Financial downturns have long tails, especially for school districts that have watched their tax bases wither over the past two years. In states like Michigan, where the once-thriving auto industry has crumbled, spending cuts have reached deep into classrooms. In many states, districts are under pressure to raise class sizes and find other ways to cut costs. Some states have raised taxes to fill holes in their budgets, yet that money has not compensated for lost revenues. There are a few bright spots, however. Wyoming, for one, kept a steady tax stream flowing from its mineral leases and other natural resources. The following slideshows and financial data offer economic snapshots from across the nation.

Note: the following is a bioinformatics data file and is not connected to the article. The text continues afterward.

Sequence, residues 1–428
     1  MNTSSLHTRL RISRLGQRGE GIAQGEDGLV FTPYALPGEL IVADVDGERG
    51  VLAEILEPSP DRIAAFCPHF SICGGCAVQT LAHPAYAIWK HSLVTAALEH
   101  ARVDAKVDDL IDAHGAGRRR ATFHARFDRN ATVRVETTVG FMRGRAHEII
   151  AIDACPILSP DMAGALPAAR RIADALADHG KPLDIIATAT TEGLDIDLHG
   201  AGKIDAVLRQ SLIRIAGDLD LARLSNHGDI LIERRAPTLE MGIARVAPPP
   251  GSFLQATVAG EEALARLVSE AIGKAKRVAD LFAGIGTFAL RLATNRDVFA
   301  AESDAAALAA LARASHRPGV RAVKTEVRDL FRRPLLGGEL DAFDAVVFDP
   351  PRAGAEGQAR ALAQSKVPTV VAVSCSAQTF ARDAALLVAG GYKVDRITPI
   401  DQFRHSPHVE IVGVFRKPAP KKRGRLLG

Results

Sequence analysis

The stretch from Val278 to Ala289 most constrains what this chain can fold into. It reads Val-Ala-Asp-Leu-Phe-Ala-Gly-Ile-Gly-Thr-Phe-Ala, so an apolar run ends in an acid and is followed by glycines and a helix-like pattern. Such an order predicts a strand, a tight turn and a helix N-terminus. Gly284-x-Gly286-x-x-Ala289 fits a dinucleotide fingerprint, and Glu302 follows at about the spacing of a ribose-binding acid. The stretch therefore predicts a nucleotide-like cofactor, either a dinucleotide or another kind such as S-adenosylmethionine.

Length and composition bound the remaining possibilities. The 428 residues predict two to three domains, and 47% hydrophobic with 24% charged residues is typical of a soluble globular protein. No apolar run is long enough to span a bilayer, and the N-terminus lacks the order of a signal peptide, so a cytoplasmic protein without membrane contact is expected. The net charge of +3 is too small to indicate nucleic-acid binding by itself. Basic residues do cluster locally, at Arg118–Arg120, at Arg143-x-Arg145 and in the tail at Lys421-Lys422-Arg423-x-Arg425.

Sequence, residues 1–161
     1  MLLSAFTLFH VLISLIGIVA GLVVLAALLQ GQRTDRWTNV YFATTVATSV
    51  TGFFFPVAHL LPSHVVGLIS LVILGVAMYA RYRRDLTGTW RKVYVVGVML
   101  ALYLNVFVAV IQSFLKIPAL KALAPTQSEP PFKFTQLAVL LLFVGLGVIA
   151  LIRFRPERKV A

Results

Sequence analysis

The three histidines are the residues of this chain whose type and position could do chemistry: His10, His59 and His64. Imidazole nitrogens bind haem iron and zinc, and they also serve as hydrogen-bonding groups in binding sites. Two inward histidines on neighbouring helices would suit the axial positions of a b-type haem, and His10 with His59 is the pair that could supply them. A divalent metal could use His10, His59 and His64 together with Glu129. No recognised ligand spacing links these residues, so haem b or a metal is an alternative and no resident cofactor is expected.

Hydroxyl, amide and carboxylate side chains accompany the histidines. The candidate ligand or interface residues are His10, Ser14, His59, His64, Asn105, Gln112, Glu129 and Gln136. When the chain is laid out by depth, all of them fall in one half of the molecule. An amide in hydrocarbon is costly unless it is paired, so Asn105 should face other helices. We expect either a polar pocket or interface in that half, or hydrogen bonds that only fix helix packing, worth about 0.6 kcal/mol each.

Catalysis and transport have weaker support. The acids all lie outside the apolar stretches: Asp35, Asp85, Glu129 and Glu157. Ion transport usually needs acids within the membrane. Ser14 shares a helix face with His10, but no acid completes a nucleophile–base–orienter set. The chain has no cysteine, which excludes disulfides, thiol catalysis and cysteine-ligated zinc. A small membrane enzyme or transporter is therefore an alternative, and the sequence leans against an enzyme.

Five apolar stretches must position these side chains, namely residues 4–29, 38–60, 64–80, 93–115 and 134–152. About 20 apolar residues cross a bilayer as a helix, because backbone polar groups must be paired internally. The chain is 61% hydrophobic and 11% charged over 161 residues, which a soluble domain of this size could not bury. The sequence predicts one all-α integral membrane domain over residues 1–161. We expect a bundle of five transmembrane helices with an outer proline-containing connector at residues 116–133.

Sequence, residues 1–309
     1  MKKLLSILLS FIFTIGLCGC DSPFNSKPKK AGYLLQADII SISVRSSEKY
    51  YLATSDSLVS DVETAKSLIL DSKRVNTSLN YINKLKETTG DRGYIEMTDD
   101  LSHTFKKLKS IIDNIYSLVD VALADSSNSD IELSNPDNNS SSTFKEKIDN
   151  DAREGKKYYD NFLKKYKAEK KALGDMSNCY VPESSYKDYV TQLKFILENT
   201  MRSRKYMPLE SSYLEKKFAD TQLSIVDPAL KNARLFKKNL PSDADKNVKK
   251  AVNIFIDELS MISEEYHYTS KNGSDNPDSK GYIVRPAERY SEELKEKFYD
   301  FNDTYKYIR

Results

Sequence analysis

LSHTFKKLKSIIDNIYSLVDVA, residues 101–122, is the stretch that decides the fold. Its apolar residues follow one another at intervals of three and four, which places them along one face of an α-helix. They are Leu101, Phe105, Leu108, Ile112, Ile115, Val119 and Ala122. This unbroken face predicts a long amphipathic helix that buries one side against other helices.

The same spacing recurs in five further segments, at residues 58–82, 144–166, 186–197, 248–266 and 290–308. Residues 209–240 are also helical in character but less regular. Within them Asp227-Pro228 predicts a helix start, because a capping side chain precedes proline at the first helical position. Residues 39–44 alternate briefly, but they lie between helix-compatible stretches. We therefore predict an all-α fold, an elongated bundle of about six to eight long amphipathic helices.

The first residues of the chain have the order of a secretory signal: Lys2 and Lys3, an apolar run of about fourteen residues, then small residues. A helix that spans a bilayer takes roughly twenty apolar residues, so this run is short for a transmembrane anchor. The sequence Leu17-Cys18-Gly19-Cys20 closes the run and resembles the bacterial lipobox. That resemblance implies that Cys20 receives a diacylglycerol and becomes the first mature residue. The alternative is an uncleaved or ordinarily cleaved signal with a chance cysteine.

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- Multiple Vacancies
- Hazard, Young, Attea & Associates, Multiple Locations
- Deputy Superintendent of Education Support
- West Virginia Department of Education, Charleston, WV
- Director of Professional Services
- Engaging Schools, Inc., Cambridge, MA
- Director of Schools (Superintendent)
- Metropolitan Nashville Public Schools, Nashville, TN
- Superintendent, Rockridge Community Unit School District #300
- Rockridge Community Unit School District #300, Taylor Ridge, IL